By Zsuzsa Selyem
Translated from Hungarian by Erika Mihálycsa
Hours passed. I went for a walk. Walking would help, I thought. It did. Except that my mind kept straying from what I wanted it to settle on: the plane passenger and the blind man. Straying to the issue if reckoning with one’s power is part of being grown-up for, so I thought, every grown-up has power, even when they have no inkling of it. The only exceptions being those consumed by anxieties, in the grip of an antique mother well into their old age — they have no power at all. But I’m wrong there. They, too, tie down their tyrannical mothers, torture whoever is even more helpless than themselves: the less they want to, the more they do. Then a mother with her child in her lap caught my eye, sitting with face turned towards the sky. Is she blind? Why do the blind turn their heads upwards? Is it to hear better?
All this I will delete: the plane passenger will not be me but another guy called Siniša. Their acquaintance can’t go back a long time, since the conditions of blind living are not self-evident to him.
Karel arrives at the airport. Yes, it is him, Karel: of medium height, around 35, short black hair and matching eyes now blue, now green, now completely dark, the only reason I will not write occasionally black is that I like the phrase more than I fear it and I couldn’t care less if people find this unbelievable, the only thing that matters is that Karel sees splendidly with his eyes of changing colour, to the point of embarrassing people even. He is travelling to Istanbul: we know more or less where that is but what if I say, he takes off from Ljubljana, or from Iași for that matter? Does he need a visa or anything of the kind to land in Istanbul?
I have only three matches left. And three cigarettes left, but that would be no problem, I still have an unopened pack of Karelia. So much the worse, there will be no smoking tonight.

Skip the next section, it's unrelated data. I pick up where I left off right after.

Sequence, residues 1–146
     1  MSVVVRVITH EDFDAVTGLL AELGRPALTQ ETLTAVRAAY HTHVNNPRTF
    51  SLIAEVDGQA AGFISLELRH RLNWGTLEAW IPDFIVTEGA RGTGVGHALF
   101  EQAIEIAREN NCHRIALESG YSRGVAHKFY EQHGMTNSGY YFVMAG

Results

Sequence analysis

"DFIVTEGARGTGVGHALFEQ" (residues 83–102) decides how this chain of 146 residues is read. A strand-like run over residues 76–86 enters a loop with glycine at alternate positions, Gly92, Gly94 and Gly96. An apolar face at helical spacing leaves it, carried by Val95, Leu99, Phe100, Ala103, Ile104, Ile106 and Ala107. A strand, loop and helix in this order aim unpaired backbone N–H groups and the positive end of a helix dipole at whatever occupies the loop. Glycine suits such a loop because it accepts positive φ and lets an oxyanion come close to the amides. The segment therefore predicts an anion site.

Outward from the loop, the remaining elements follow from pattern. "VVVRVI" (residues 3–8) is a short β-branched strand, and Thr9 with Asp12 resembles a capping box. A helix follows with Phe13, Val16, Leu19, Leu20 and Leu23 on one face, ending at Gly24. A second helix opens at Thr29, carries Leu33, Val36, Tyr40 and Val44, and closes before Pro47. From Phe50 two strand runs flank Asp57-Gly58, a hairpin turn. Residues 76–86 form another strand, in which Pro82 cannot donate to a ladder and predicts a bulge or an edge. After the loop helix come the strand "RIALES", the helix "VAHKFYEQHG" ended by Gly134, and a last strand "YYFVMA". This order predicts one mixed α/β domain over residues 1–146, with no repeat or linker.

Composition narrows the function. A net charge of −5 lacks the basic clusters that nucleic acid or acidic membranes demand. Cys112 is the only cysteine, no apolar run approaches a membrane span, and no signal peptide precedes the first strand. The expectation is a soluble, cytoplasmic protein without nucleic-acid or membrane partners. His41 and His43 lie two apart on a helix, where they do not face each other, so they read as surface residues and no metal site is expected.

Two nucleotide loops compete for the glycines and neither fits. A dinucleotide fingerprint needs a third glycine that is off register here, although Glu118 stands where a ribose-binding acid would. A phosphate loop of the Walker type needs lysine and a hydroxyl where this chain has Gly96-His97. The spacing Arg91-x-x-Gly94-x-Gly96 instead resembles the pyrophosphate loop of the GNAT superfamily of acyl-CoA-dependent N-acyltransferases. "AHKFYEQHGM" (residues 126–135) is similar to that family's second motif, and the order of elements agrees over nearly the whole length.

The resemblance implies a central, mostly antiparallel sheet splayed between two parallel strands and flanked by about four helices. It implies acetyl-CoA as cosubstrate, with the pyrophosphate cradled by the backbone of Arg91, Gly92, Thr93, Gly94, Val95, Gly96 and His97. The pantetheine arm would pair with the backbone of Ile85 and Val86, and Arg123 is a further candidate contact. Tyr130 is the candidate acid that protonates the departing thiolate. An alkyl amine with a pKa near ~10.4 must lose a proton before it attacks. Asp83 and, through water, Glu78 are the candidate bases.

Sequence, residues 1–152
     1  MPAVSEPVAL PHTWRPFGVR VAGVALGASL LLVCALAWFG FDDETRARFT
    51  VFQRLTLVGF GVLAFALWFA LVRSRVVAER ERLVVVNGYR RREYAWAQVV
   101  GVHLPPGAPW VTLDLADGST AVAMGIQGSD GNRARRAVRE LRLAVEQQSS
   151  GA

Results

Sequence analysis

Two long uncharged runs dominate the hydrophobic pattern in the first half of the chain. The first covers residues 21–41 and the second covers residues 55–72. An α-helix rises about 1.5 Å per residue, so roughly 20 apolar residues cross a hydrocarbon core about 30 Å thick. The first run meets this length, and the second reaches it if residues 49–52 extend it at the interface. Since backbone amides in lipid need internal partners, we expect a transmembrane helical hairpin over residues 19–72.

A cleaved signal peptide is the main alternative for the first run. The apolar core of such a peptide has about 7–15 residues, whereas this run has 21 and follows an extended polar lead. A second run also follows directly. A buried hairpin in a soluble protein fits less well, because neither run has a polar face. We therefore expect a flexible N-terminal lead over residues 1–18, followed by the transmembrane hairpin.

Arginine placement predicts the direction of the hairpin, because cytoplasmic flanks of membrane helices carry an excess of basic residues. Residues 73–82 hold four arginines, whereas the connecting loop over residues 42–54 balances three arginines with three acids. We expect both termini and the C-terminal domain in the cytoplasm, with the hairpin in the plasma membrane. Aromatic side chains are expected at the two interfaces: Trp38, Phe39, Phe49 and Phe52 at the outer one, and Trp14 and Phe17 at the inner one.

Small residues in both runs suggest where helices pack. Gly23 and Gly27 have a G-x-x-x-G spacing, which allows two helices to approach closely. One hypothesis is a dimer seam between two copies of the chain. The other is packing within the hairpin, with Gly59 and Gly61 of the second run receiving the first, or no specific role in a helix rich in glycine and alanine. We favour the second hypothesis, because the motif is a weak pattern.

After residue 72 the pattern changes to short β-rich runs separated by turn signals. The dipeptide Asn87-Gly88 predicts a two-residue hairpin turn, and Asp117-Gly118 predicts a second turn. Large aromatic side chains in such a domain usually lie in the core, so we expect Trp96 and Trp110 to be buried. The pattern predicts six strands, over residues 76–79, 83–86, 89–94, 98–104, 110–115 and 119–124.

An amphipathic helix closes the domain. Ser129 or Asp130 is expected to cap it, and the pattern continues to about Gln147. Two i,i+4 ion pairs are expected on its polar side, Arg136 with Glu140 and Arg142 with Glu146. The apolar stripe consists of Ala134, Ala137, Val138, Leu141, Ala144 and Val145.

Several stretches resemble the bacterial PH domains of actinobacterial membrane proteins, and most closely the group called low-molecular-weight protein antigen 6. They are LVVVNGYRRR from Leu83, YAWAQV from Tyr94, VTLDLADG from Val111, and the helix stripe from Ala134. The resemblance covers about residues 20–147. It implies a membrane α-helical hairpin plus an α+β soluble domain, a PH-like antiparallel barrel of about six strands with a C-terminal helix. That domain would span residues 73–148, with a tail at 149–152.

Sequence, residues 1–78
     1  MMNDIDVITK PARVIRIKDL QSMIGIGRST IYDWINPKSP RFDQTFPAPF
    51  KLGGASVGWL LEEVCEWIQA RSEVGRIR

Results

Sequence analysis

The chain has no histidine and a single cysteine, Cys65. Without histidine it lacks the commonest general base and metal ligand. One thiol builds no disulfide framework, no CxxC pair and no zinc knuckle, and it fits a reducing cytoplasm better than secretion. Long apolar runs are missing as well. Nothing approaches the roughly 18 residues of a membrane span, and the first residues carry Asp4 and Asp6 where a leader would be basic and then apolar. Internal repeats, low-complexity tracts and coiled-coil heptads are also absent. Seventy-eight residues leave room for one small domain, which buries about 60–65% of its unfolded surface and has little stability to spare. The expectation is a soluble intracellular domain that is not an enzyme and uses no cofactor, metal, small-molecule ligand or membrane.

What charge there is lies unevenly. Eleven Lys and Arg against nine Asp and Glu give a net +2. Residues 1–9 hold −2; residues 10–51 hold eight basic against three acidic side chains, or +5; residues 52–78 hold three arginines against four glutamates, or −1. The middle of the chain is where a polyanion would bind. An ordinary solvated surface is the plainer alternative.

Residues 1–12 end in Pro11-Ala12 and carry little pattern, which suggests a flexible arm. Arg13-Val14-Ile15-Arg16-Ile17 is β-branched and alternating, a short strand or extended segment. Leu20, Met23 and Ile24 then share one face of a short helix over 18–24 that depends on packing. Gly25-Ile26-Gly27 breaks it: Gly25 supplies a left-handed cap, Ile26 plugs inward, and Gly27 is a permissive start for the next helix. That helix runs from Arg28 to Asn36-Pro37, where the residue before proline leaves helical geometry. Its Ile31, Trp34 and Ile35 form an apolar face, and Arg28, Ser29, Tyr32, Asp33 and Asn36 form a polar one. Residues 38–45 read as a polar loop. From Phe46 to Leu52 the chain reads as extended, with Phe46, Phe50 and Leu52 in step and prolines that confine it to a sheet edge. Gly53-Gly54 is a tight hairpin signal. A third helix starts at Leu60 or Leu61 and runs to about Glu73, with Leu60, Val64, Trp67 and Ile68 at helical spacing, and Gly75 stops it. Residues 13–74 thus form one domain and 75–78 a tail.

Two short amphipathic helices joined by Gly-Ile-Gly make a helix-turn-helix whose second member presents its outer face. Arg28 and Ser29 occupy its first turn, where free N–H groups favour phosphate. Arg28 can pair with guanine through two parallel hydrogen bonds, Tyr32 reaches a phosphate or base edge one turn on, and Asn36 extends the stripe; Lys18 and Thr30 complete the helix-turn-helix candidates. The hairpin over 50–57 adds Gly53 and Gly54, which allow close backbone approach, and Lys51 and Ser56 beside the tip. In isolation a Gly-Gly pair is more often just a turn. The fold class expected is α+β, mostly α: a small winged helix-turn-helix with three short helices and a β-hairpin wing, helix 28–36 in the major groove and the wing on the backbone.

It’s over, I have no matches left. I was wrong, I only had two, not three because I had already lighted one in the park and put it back into the box with the others, so I wouldn’t have to walk with it to the first wastebin.
The customs officer checks the passport, leafs through it and asks:
‘What is the purpose of your travel to Istanbul?’
‘I’m going to an exhibition.’
‘Hm. Health insurance?’
‘How much money do you have on you?’
‘None. I paid for the plane ticket and it will be refunded as soon as I get to Istanbul.’
‘Are you aware at all of the conditions of travel? I cannot let you pass, you would be returned from Istanbul if you haven’t 30 euros per day. Read this through’, the customs officer points at a printed form on the wall of his glass cage, ‘you need to have 30 euros for every day spent abroad, in addition to the health insurance of course. I’m very sorry’, he adds, calmer now, but this of course merely means that this exchange is over as far as he is concerned. Next please.
There is no-one queuing after Karel. It is early in the morning, the small Ljubljana (or Iași) airport is completely empty.
‘I must be in Istanbul tonight.’
Karel is looking at the customs officer with his eyes of changing colour with what seems like definitive calm.
‘There, under the stairs, you can get health insurance’, answers the customs officer, surprised at his own words. And indeed, you can buy insurance, Karel finds some local currency in his wallet, the whole thing turns out to be unexpectedly cheap.
Karel walks back to the customs officer’s window, he puts the stamp in his passport, draws Karel’s attention to read the conditions of travel next time before he starts off, withholds the passport for ever so short a while, then releases it.
‘Thank you’, says Karel like someone who has been wished a pleasant flight.